All this abundantiy shews how inexcusable the foresaid physicians in France are, in their opposing the common opinion that the plague is contagious. How. ever, I have paid fo much regard to them, as to in sist the more largely upon the proof of that contagion ; left the opinion of those who have had so much experience of the disease, might lead any one into an errour, in an affair of such consequence, that all my precepts relating to quarantines, and well nigh every particular part of my advice, depends upon it : for if this opinion were a mistake, quarantines, and all the like means of defence, ought to be thrown aside as of no ufe.

But as I continue persuaded, that we have the greatest evidence, that the plague is a contagious disease; fo I have left, without any alteration, all my directions in respect to quarantines : in which, I hope, I have not recommended any thing prejudicial to trade; my advice being very little different from what has been long practised in all the trading ports of Italy, and in other places. Nay, were we to be more remiss in this than our neighbours, I cannot think but the fear they would have of us, must much obstruct our commerce.

But I shall pursue this point no farther : the rather because a very learned physician among themfelves has fince, both by strong reasoning and undeniable inftances, evinced the reality of contagion *.

In a word, the more I consider this matter, the more I am convinced that the precepts I have delivered, both with regard to the preventing the plague froin coming into a country, and the treatment of it when present, are perfectly suitable to the nature of the distemper, and confequently the fittest to be complied with. But how far, in every situation of affairs, it is expedient to grant the powers requisite for putting all of them in practice, it is not my proper business as a physician, to deterinine. No doubt, but at all times these powers ought to be fo limited and restrained, that they may never endanger the rights and liberties of a people. Indeed, as I have had no other view than the public good in this my underta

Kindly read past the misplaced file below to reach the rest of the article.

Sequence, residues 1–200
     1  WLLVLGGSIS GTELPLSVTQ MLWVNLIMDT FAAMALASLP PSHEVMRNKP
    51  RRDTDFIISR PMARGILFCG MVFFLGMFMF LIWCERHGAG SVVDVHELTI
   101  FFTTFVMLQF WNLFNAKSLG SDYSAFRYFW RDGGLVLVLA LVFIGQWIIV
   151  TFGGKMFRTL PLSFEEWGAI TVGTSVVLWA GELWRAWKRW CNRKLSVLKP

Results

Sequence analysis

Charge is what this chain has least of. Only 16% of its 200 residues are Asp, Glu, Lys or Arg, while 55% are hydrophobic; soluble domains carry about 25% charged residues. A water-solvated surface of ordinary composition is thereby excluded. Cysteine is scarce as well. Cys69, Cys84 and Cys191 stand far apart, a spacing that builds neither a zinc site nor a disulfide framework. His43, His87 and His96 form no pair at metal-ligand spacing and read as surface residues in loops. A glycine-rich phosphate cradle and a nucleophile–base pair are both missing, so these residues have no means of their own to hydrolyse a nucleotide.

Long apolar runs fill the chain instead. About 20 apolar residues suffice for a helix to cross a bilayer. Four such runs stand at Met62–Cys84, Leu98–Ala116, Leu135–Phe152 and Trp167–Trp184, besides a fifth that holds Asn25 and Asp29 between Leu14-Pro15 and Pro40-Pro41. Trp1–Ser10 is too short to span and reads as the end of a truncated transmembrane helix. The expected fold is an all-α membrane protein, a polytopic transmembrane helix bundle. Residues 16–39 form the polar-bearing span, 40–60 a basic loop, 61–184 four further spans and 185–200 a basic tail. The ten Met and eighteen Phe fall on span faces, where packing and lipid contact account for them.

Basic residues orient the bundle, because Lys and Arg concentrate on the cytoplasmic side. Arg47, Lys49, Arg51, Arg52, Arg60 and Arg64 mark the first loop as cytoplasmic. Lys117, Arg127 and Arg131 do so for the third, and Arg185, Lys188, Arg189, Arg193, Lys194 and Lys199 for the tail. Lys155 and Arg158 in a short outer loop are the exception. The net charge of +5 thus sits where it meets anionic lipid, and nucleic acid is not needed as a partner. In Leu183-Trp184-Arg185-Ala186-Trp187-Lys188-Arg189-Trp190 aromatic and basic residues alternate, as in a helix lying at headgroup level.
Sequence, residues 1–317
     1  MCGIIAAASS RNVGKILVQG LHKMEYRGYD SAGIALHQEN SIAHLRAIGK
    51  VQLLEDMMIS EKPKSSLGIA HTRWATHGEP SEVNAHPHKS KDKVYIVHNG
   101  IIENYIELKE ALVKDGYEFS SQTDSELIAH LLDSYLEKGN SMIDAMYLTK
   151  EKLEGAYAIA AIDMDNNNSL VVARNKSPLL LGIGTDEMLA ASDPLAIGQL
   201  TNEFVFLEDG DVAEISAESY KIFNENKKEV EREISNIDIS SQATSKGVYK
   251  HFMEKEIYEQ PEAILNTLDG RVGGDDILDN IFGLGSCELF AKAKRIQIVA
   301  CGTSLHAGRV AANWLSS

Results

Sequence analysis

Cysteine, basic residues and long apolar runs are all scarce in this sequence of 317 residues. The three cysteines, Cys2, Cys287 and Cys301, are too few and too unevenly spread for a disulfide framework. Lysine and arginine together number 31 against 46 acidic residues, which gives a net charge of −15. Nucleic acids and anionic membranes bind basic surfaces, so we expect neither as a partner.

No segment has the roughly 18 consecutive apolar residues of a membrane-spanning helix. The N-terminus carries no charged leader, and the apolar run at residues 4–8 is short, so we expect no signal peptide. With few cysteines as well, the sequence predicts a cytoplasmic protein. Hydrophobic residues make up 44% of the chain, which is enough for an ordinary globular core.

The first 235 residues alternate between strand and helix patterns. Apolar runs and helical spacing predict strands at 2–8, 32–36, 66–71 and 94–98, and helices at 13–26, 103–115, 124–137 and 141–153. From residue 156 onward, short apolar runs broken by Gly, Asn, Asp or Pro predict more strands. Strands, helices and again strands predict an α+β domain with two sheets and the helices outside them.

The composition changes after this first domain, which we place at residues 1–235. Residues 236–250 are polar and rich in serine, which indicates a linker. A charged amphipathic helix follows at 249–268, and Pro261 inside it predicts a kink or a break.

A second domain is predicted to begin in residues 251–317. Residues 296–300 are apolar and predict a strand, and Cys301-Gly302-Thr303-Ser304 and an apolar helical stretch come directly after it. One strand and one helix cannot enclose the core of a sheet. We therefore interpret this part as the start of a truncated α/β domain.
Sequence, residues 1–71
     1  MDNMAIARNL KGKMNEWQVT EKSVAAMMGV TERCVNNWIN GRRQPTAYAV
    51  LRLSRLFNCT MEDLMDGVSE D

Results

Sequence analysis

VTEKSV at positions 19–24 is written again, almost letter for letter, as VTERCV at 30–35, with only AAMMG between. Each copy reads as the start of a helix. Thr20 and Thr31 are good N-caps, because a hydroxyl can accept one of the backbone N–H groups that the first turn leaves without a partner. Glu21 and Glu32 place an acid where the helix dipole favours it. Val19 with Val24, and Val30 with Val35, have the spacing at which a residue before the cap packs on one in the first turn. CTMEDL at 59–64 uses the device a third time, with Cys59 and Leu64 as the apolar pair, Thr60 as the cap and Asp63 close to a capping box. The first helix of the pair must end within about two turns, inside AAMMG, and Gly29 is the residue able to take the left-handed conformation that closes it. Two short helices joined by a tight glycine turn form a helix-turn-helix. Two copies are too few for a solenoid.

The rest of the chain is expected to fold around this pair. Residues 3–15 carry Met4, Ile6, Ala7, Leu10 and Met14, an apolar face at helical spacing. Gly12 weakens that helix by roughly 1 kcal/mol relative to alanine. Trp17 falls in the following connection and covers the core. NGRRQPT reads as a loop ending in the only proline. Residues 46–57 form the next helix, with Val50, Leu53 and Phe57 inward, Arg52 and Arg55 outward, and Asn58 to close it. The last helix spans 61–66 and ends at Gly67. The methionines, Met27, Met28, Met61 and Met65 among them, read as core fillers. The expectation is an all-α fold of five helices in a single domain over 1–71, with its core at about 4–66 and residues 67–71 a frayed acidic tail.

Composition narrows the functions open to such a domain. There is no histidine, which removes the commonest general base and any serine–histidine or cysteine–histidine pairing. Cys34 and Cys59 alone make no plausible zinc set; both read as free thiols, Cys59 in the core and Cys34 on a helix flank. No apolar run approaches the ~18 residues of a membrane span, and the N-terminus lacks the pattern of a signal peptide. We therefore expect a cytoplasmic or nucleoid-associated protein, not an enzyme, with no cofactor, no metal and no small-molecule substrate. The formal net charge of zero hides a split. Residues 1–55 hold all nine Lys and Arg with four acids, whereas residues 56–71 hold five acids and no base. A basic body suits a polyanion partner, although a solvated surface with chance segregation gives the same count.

Aftruc, differtation sur la contagion de la peste. A Touloufe, 1724.80. VOL.II.



king, and the fatissaction of doing somewhat towards the relief of mankind, under the greatest of calamities ; fo I should not, without the utmost concern, see that any thing of mine gave the least countenance to cruelty and oppreffion.

But I muit confcis, I find no reason for any apprehensions of this kind, from any thing I have advanced. For what extraordinary danger can there be, in lodging powers for the proper management


people under the plague, with a council of health, or other magistrates, who fall be accountable, like all other civil officers, for their just behaviour in the execution of them? Though this I must leave to those who are better skilled in the nature of government. But sure I ain, that, by the rules here given, both the fick will be provided for with more humanity, and the country more effectually defended against the progress of the disease, than by any of the methods heretofore generally put in practice, either in our own, or in other nations.

The usage among us, established by act of parliament, of imprisoning in their houses every family the plague feizes on, without allowing any one to pass in or out, but such as are appointed by authority, to perform the necessary offices about the sick, is certainly the feverest treatment imaginable ; as it expofes the whole family to suffer by the fame disease; and consequently is little less than alligning them over to the cruellest of deaths ; as I have thewn in the difcourse.

The methods practised in France are likewise obnoxious to great objections. Crouding the fick to gether in hospitals can serve to no good purpose; but